Blog ยป Cryptography ยป Secure Random Numbers in Node.js

Secure Random Numbers in Node.js

By Lane Wagner on Jul 3, 2019

Quick answer: use crypto.randomBytes() for cryptographically secure randomness in Node.js.

const { randomBytes } = await import('node:crypto');

const buf = randomBytes(256);
console.log(`${buf.length} bytes of random data: ${buf.toString('hex')}`);

crypto.randomBytes() is a cryptographically secure random number generator based on openssl. Depending on the operating system of the user, randomBytes will use /dev/urandom (Unix) or CryptoGenRandom (Windows).

While still pseudo-random sources, the important thing is that they are not guessable by an attacker. In other words, after using crypto.randomBytes() to generate a secret key for AES-256 encryption, no one will be able to guess the key.

Randomness is a hard problem in Node.js

Randomness is a hard problem for computers. Most functions that generate randomness in Node.js are not considered cryptographically secure. As a result, it’s possible for attackers to take a good guess at which number will be generated. In the case of guessing a private key, insecure randomness can be actually be catastrophic.

How to generate insecure random numbers

Math.random() a JavaScript built-in function that returns a pseudo-random number between 0 and 1. At first this sounds fairly pointless, but by always generating a number between 0 and 1, the user of the function can scale that random result up to whatever size they need.

Insecure example

Generate an insecure random number between 0 and 10 in Node.js:

const betweenOneAndTen = Math.floor(Math.random() * 10)

Insecure example #2

Generate an insecure random number between 10 and 100 in Node.js:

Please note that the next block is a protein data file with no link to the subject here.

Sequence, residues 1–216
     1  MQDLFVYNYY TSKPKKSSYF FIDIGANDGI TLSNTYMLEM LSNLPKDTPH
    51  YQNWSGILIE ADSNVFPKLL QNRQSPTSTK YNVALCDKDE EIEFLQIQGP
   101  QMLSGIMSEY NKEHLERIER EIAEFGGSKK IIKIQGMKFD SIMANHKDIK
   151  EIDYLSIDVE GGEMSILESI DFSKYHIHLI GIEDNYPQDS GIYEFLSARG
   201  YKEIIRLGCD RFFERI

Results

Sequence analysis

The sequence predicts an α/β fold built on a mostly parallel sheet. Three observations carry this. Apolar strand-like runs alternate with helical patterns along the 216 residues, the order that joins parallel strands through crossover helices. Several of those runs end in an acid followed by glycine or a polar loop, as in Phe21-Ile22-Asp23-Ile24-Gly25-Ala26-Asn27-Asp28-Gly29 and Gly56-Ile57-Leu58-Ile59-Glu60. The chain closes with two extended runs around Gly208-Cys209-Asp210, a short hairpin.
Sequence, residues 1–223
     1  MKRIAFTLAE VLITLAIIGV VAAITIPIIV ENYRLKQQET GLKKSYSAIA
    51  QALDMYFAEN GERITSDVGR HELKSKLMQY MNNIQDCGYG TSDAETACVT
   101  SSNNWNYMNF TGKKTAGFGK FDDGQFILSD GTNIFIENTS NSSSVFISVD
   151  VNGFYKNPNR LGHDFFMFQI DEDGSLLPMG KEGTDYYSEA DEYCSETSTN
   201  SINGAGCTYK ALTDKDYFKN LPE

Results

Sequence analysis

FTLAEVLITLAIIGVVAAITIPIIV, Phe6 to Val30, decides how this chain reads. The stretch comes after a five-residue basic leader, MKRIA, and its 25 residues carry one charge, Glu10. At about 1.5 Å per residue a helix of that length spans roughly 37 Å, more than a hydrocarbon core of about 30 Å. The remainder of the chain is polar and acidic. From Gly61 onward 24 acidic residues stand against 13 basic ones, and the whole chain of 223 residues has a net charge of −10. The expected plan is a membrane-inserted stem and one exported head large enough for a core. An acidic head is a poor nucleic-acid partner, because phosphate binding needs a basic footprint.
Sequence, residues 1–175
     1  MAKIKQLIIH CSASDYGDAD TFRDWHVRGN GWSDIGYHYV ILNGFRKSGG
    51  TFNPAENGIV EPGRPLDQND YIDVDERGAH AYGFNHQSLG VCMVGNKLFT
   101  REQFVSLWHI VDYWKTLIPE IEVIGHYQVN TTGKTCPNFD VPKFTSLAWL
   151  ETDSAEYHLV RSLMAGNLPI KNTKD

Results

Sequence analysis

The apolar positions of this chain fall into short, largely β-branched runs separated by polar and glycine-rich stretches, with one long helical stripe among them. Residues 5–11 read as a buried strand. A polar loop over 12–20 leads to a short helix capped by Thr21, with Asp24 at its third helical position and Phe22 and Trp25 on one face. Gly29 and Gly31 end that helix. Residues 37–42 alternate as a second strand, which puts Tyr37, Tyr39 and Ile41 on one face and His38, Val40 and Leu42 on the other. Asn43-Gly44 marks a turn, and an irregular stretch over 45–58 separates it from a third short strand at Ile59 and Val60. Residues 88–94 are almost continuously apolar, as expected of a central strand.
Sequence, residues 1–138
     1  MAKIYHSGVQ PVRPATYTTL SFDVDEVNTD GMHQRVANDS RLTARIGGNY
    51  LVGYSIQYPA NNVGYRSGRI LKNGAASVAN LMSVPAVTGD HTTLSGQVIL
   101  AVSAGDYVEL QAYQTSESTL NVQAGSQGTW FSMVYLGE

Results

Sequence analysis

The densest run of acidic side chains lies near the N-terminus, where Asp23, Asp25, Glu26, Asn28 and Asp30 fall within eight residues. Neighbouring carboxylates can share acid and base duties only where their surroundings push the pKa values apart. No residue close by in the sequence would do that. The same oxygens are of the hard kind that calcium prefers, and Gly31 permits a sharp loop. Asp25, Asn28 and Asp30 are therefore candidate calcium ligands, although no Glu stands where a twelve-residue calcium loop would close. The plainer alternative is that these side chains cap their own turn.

const min = 10
const max = 100
const betweenOneAndTen = Math.floor(Math.random() * (max - min)) + min + 1

Why is Math.Random() insecure?

Many non-secure sources of entropy, like Math.Random(), do something similar to the following:

function getRandom(timestamp, maxNumber){
  // Take the deterministic hash of the timestamp
  const hashedTime = sha256(timestamp)
  // Reduce the hash to within the range [0, maxNumber)
  return hashedTime % maxNumber

This function (while ignoring some implementation details of modulus math by such a large number) will return random numbers that are based on a timestamp input, which is called the seed. If I pass in different timestamps, the corresponding outputs would appear random. This is an example of a weak pseudo-random number generator.

A weak pseudo-random number generator works perfectly fine if you’re trying to:

  • Create sample data for an application
  • Write a video game engine
  • etc …

However, weak pseudo-randomness can be catastrophically dangerous if you’re trying to:

  • Generate Bitcoin keys
  • Generate passwords or salts
  • etc …

Come to the dark side

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Should I always use crypto.randomBytes()?

No. There are dangers if you implement your random number generator on top of a low-level API like random bytes. Because it returns bytes and not numbers, it’s up to you to convert the bytes into numbers. If you make a mistake, it can result in a vulnerability in your system.

In short, use crypto.randomBytes() whenever you need raw bytes. If you need a number within a range, for example, a random number between 0 and 9, then use a non-biased function that uses crypto.randomBytes() as the source of entropy. For example: node-random-number-csprng

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